How it Works
Once configured (see below) JekyllMail will log into a POP3 account, check for messages with a pre-defined secret in the subject line, convert them into appropriately named files, and save them in your _posts or _drafts directory. After that your normal Jekyll watcher process can take over and do its thing.
Warning: At the end of every run JekyllMail deletes every e-mail in the account. This is for two reasons: 1) we don't want to have to maintain a list of what e-mails we've already ingested and posted 2) once an e-mail's been ingested we don't need it 3) there are probably 400 spam e-mails in the account that should be deleted. 4) less e-mail in the box means faster runs.... ok four reasons.
The magic is all in the subject line. In order to differentiate your email from the spam that's almost guaranteed to find your account eventually suck in the appropriate metadata A subject line for JekyllMail has two parts the title (of your post) and the metadata which will go into the YAML frontmatter Jekyll needs. The metadata is a series of key value pairs separated by slashes. One of those key value pairs must be "secret" and the secret listed in your configuration. Note that the keys must contain no spaces and be immediately followed by a colon.
<subject> || key: value / key: value / key: value, value, value
My Awesome Post || secret: more-1337 / tags: awesome, excellent, spectacular
Your secret should be short, easy to remember, easy to type, and very unlikely to show up in an e-mail from another human or spammer.
Your e-mail can be formatted in Markdown, Textile, or HTML.
There are a handful of keys that JekyllMail is specifically looking for. All of these are optional except "secret":
- draft: defaults to false. Set this to "true" if you want this post to be saved in the _drafts folder.
- markup: can be: html, markdown, md, textile, txt (textile)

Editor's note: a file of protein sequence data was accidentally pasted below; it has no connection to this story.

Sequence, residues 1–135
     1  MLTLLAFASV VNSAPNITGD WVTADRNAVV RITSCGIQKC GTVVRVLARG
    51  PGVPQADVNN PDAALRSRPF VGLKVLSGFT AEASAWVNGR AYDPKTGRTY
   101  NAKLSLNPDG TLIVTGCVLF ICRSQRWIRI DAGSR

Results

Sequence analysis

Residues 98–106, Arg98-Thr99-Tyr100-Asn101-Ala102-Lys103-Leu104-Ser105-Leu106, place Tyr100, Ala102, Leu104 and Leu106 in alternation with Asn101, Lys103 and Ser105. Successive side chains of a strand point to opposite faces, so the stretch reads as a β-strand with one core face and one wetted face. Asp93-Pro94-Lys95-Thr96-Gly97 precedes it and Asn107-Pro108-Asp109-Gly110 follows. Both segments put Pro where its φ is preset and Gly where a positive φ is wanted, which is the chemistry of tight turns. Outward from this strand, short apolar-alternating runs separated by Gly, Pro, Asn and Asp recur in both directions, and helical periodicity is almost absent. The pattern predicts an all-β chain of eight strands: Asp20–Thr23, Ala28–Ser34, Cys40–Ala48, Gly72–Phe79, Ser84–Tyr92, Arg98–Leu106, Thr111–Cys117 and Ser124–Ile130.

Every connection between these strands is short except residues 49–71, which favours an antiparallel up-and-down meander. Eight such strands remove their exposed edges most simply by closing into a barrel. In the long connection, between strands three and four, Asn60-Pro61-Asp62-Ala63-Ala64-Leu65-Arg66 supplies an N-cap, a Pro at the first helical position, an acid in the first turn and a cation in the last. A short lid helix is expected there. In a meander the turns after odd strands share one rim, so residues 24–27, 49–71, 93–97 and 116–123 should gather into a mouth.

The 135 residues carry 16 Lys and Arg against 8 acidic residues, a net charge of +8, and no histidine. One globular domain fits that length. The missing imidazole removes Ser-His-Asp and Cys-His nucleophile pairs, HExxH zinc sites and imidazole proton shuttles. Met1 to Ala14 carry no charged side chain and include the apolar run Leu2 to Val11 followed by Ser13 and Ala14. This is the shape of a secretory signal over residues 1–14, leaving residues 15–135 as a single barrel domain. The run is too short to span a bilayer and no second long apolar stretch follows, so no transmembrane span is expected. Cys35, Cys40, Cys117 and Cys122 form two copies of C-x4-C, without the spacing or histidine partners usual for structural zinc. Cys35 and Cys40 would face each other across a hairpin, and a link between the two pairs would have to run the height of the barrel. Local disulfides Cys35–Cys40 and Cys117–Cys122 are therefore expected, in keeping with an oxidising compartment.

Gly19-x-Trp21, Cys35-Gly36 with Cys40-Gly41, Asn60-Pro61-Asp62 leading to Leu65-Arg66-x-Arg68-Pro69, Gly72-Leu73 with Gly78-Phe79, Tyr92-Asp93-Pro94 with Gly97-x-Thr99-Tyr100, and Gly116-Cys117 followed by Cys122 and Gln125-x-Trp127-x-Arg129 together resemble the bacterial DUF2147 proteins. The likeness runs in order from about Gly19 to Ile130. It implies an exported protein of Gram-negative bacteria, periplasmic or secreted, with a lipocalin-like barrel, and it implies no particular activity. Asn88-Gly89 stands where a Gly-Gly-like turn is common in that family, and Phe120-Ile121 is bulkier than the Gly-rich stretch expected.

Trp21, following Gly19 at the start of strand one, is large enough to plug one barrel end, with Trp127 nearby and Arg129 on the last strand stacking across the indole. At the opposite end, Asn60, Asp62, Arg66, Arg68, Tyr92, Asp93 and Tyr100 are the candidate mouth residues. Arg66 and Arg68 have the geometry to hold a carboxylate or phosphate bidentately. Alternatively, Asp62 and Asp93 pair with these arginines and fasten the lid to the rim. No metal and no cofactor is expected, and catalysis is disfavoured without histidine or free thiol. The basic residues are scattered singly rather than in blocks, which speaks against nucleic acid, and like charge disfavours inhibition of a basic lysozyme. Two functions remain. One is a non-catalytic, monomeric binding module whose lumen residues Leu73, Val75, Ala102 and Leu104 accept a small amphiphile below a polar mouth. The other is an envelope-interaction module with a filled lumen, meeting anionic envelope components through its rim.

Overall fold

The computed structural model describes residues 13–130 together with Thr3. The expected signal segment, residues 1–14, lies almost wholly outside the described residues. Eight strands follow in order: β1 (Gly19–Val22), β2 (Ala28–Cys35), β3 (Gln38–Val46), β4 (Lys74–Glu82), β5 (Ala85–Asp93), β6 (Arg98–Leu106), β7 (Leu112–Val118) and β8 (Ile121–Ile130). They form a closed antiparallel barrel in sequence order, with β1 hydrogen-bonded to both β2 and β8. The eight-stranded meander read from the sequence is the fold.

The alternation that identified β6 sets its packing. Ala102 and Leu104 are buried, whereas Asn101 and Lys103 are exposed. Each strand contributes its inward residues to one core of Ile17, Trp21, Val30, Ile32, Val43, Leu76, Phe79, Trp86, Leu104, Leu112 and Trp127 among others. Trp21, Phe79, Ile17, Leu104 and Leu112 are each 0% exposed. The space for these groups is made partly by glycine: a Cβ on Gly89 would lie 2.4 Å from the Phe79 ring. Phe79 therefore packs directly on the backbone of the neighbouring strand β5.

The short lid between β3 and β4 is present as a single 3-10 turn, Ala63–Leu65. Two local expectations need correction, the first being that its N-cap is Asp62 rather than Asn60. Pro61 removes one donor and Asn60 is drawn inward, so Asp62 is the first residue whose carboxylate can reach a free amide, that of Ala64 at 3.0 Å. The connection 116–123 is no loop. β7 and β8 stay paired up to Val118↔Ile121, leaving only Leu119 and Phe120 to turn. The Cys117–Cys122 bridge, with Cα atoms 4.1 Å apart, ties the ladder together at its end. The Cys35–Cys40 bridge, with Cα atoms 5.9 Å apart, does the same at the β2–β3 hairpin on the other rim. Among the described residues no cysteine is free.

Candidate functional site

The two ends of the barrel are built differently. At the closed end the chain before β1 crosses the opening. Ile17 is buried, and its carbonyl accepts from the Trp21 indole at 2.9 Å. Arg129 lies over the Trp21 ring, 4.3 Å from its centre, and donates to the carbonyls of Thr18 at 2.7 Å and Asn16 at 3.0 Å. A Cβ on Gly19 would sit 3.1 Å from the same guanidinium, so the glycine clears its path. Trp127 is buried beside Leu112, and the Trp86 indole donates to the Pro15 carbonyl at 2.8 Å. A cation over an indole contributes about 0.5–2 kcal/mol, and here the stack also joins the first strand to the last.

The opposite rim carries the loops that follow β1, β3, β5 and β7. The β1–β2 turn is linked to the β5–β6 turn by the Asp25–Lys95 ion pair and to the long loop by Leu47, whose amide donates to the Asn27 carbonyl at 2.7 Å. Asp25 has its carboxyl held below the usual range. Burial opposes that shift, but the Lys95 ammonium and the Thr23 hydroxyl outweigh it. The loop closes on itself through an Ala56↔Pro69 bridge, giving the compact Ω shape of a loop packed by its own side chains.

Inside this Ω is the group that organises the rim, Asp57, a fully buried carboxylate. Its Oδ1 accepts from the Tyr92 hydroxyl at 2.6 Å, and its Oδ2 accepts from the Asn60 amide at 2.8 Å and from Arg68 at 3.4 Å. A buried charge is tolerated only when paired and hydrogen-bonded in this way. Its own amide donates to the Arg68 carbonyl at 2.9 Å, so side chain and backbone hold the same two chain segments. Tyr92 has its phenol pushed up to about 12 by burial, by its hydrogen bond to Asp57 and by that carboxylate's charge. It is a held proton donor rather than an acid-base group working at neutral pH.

- tags: expects a comma separated list of tags for your post
- slug: the "slug" for the file-name. E.g. yyyy-mm-dd-slug.extension
Image attachments will be extracted by JekyllMail and placed in dated directory that corresponds with the date of the posting.
For example If you attached flag.jpg to a post sent on July 4th 2012 it would be stored in /2012/07/04/flag.jpg
JekyllMail will look for the image tags in your document that reference the image filename and update them to point to the correct published file path. For example it will convert ![alt text](flag.jpg) in a Markdown document to ![alt text](http://path/to/images/dir/2012/07/04/flag.jpg). Textile and HTML posts are also supported.
In pracitce this simply means that if you insert a ![alt text](flag.jpg) tag and attach an image named flag.jpg to the same email everything will show up as expected in your post even though JekyllMail has moved that image off to a dated subdirectory (just like the post).
If you're using Jekyll you're using git. JekyllMail is configured via its own section of you global git config.
[jekyllmail] postsDir = /path/to/my\_jekyll\_site/source/_posts draftsDir = /path/to/my\_jekyll\_site/source/_drafts imagesDir = /path/to/my\_jekyll_site/images popServer = mail.example.com popPassword = 1x2x3fdc3 popUser = firstname.lastname@example.org secret = easy-to-remember-hard-to-guess defaultMarkup = markdown siteUrl = http://www.example.com
You can add these to your ~/.gitconfig by editing it directly or by commands like the following:
git config --global add jekyllmail.postsDir /path/to/my_jekyll_site/source/_posts
Please note that paths and urls must not end with a slash. Also, JekyllMail assumes that your images directory lives directly under your siteUrl. E.g. http://www.example.com/images
Your popUser doesn't have to be an e-mail address. It might just be "jekyllmail", or whatever username you've chosen for the e-mail account. It all depends on how your mail server is configured.
Check out the Issues page on Github for the current list of known issues.
Credit where credit is due
JekyllMail is distributed under the MIT License.